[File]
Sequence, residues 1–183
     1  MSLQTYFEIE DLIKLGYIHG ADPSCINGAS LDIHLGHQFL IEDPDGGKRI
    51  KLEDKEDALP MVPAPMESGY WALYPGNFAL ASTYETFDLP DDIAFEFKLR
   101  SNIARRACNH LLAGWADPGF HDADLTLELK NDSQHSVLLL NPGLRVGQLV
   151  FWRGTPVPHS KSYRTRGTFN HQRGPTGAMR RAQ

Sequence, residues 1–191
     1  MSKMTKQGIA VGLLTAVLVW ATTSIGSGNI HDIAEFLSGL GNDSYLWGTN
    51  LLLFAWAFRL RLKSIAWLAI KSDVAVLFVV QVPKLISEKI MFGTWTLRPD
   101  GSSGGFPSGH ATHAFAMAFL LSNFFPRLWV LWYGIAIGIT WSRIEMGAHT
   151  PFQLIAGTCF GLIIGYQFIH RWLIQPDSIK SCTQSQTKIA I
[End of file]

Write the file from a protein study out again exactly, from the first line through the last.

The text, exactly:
Sequence, residues 1–183
     1  MSLQTYFEIE DLIKLGYIHG ADPSCINGAS LDIHLGHQFL IEDPDGGKRI
    51  KLEDKEDALP MVPAPMESGY WALYPGNFAL ASTYETFDLP DDIAFEFKLR
   101  SNIARRACNH LLAGWADPGF HDADLTLELK NDSQHSVLLL NPGLRVGQLV
   151  FWRGTPVPHS KSYRTRGTFN HQRGPTGAMR RAQ

Sequence, residues 1–191
     1  MSKMTKQGIA VGLLTAVLVW ATTSIGSGNI HDIAEFLSGL GNDSYLWGTN
    51  LLLFAWAFRL RLKSIAWLAI KSDVAVLFVV QVPKLISEKI MFGTWTLRPD
   101  GSSGGFPSGH ATHAFAMAFL LSNFFPRLWV LWYGIAIGIT WSRIEMGAHT
   151  PFQLIAGTCF GLIIGYQFIH RWLIQPDSIK SCTQSQTKIA I